Deadly US Raid on ISIS Meets Doll, Cradle, Bomb and Bullets

When helicopters carrying around 50 US commandos slammed into Syria an hour after midnight, looters faced a house full of extremists and children.

Baby comfort was inside – a plush bunny, a blue plastic swing, a crib. So did the paraphernalia of violence – such as the bomb that Abu Ibrahim al-Hashimi al-Qurayshi allegedly used to blow himself up, his family and possibly others nearby, according to US officials. immediate.

It was a daring raid on an extremist stronghold in northwest Syria, months of work and carried out knowing that children could die as well as the IS leader being hunted down if the occupants of the building did not come out. not when they had the opportunity to leave.

The apparent suicide bombing came before or at the start of a two-hour shootout on Thursday. First responders said 13 people died, including six children. No US commandos were injured, military officials said.

President Joe Biden, who ordered the raid, said the world was rid of a man he described as the driving force behind the “genocide of the Yazidi people in northwestern Iraq in 2014”, when massacres wiped out villages, thousands of women and young girls. were sold as slaves and rape was used as a weapon of war.

“Thanks to the bravery of our troops, this horrible terrorist leader is no more,” Biden said.


After months of planning, US intelligence first had to track al-Qurayshi’s whereabouts and figure out his movements – or lack thereof. They concluded that he rarely, if ever, left his family’s third-floor quarters except to bathe on the roof of the building.

Anticipating that al-Qurayshi might well choose death by self-detonation if cornered by US forces, US officials commissioned a remote engineering survey of the three-story cinderblock building to see if it would collapse in this event and would kill. everyone inside.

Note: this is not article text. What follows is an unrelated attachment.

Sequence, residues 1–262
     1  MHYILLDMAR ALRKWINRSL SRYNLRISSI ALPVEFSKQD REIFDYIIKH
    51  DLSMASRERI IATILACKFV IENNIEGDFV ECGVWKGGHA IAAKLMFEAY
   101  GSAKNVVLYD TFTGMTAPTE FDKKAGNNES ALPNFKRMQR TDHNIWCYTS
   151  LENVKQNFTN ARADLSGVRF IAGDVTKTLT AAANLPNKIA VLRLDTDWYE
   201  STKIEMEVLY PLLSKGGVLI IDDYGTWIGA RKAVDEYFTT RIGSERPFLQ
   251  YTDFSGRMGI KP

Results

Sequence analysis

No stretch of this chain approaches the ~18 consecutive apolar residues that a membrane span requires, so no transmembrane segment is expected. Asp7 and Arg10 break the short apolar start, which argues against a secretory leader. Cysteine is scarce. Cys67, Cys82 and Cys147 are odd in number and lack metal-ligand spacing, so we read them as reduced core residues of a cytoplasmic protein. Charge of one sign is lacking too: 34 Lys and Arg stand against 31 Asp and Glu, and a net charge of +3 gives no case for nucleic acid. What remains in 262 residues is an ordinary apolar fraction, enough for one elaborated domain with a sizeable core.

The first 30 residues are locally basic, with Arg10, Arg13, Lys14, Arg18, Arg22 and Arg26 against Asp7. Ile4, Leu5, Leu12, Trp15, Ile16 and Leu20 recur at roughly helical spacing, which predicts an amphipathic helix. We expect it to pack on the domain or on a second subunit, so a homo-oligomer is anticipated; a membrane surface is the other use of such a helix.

They concluded that enough of the building was likely to survive such an explosion to spare those not around it.

They built a tabletop model of the house and set it up in December in the Situation Room, the White House’s ultra-secure command and communications post where presidents and their national security aides handle crises. .

The second floor of the Syrian house, also white, was occupied by a low-ranking Islamic State leader and his family. The ground floor, part basement, housed a family with no connection to Islamic State and unaware of al-Qurayshi’s presence or importance, US officials said.

Biden was first briefed in depth more than a month ago by operational commanders after US forces were confident they would find al-Qurayshi – also known as Haji Abdullah – where they were. ‘did.

The Islamic State, which once controlled most of Iraq and parts of Syria, tried to regenerate itself and staged its most ambitious operation in years when it seized a prison in northeast Syria. Syria last month, holding at least 3,000 IS detainees.

Despite his best efforts with Russia as it gathers strength for a possible renewed invasion of Ukraine, Biden could not afford to take his eyes off ISIS.

On Tuesday morning, he met with Secretary of Defense Lloyd Austin and General Mark Milley, chairman of the Joint Chiefs of Staff, in the Oval Office and gave the go-ahead. On Wednesday night in Washington, Biden was in the Situation Room, monitoring a live stream of the mission as it unfolded.



In his refugee camp near the raid, Jamil el-Deddo heard planes and an explosion ripping through the night and at first thought it might be the famous barrel bombs “dropped on us”. President Bashar Assad’s forces have used the barrels filled with explosives against opponents during the Syrian conflict, inflicting indiscriminate death and injury.